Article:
Richard Seymour is a writer and broadcaster who runs the blog Lenin's Tomb. He's written for the Guardian, the London Review of Books and Al Jazeera. Seymour has also written the followingbooks: The Liberal Defence of Murder; Terror, Iraq and the Left; The Meaning of David Cameron; Unhitched: The Trial of Christopher Hitchens; and, last but not least, Corbyn: The Strange Rebirth of Radical Politics.
Seymour is a former member of the Socialist Workers Party, which he left in 2013.1
Seymour now studies at that hotbed (since the 1960s) of Leftism/Marxism - the London School of Economics. He's studying under the watchful eye of “race theorist”, Professor Paul Gilroy.
If we bring things up to date and make them slightly more relevant. Richard Seymour now supports Jeremy Corbyn and the Labour Party. (His support is graphically displayed here.)
Finally, what follows is a commentary on Richard Seymour's Guardian article, 'Can you be too leftwing?'.
At the end of his piece for the Guardian, Richard Seymour comes clean about his ostensible critique of being “too leftwing”. Being too leftwing results in a situation in which “little is achieved”. Therefore, basically, it's (more or less) politically “useless”.2
Seymour's position is extremely simple. It's not really that he believes that there is such a thing as being too leftwing. It's this:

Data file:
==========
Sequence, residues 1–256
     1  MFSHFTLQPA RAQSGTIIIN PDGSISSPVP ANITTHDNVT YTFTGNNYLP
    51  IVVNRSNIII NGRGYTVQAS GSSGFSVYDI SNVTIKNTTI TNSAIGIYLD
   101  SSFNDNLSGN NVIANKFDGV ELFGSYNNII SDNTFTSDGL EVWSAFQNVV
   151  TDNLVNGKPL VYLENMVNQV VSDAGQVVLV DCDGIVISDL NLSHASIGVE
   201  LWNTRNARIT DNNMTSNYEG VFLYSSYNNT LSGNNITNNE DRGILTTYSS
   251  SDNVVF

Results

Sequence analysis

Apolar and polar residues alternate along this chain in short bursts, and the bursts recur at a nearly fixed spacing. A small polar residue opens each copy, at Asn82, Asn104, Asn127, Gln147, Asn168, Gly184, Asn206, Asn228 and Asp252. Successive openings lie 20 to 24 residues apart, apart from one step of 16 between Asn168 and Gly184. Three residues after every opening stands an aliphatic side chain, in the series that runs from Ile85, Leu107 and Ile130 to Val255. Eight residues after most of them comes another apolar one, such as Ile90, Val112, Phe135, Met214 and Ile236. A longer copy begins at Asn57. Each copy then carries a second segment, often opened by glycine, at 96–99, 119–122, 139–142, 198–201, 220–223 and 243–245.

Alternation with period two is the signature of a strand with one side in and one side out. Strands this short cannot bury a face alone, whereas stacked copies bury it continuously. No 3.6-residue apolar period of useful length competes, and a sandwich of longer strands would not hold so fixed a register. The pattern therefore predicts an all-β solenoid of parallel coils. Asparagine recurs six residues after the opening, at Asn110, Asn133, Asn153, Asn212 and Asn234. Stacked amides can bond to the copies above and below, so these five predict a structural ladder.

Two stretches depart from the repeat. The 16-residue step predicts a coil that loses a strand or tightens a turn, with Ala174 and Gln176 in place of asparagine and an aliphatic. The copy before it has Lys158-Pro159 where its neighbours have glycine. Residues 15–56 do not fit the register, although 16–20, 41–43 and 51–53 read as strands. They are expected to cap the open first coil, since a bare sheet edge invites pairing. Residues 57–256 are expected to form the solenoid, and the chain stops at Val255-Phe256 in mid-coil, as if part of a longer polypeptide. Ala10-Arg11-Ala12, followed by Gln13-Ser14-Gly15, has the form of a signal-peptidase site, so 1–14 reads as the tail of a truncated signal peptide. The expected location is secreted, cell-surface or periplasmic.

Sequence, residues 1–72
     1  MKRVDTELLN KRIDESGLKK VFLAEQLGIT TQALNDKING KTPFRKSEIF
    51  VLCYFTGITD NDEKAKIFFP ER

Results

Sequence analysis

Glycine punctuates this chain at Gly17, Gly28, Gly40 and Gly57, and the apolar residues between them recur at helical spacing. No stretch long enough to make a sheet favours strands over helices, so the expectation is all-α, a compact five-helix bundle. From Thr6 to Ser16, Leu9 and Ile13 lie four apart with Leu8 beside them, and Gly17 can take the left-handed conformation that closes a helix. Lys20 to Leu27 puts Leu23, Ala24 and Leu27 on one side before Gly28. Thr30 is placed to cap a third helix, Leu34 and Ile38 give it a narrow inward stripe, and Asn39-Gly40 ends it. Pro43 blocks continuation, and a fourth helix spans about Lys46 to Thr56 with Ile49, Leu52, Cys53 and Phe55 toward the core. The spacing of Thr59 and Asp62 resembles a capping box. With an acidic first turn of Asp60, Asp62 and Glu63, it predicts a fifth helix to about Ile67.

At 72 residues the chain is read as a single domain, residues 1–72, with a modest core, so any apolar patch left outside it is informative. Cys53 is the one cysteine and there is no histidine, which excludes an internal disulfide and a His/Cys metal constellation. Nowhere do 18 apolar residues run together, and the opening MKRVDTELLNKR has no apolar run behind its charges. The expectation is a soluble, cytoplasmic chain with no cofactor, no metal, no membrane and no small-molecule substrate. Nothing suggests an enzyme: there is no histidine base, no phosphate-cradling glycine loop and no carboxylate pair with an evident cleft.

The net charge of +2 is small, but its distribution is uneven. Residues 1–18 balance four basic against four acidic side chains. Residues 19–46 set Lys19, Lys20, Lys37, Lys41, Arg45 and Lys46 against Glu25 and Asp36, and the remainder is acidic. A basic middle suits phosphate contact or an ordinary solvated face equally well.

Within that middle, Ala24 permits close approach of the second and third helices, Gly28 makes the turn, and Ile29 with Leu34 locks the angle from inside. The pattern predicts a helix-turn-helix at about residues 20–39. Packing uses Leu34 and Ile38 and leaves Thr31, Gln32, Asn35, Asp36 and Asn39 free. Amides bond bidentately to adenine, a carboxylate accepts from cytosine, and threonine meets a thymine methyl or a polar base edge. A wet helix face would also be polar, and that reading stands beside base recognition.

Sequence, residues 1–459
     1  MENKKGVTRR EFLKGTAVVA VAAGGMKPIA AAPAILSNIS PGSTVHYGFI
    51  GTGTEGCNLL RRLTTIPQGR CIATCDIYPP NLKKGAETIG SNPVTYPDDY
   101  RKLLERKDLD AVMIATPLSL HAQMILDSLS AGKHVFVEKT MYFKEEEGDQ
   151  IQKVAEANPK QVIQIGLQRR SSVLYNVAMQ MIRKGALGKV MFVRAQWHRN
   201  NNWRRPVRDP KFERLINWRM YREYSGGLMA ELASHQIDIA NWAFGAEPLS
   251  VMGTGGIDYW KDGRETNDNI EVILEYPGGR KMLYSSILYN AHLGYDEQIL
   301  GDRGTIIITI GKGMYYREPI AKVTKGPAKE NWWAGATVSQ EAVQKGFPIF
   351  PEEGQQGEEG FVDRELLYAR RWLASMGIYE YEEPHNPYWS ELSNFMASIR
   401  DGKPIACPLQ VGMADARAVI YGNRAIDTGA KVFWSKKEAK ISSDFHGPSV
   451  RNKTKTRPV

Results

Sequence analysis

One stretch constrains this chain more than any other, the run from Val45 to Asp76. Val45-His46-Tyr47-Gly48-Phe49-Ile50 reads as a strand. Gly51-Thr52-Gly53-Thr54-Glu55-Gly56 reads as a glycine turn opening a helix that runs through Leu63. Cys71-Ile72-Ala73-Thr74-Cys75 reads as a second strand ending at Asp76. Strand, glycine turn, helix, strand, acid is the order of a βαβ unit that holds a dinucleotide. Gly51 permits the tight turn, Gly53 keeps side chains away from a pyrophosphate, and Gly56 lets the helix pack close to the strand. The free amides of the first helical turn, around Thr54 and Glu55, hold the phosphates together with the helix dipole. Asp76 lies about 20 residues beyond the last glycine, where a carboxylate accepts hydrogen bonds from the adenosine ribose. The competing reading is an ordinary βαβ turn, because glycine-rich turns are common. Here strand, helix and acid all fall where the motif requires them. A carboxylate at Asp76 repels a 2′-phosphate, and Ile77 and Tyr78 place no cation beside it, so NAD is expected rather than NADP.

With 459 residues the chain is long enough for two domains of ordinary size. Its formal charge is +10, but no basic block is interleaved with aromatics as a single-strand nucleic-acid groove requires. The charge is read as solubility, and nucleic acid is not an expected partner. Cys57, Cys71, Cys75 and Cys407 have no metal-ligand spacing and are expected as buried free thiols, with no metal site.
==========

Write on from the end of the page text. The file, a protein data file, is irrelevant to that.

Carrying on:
If being too leftwing “impedes you in the achievement of your goals”,
then (in terms of Marxist praxis) it's very wise to question one's too-leftwing stances and actions.
Seymour also concedes that “[t]he left often seems too tied up in dogma and inter-sect rivalries to pursue its own agenda effectively”. What's more, Seymour asks himself this question:
“[W]hy, in more than five years of turmoil for the global capitalist system, has the left made such a practically negligible impact?”
This means that leftwing gaols and agendas are being thwarted because some people are being too leftwing. In order to bring about leftwing goals, it's necessary to question - and sometimes even replace - one's too-leftwing attitudes and actions. This must put Leftists in an almost paradoxical situation.
Seymour offers more criticisms of the Left. He writes:
“It is all too often subculturalised, dependent on forms of sociality and on shibboleths that are exclusive and tend to repel new participants.”
It's even the case that
“fragments of the left in Britain sustain a facade of ostentatious normality by consuming copious quantities of alcohol or evincing an interest in sport”.
However, just like Tony Blair, William Hague and David Cameron, these Leftists are often phoney – at least as far as their love of sport and alcohol are concerned. That is, when in a “room together” they don't talk about sport. They “talk about 'the class', and hold forth on 'the dialectic"”. So how does Seymour know all this? He says: “I know. I am one of those people.”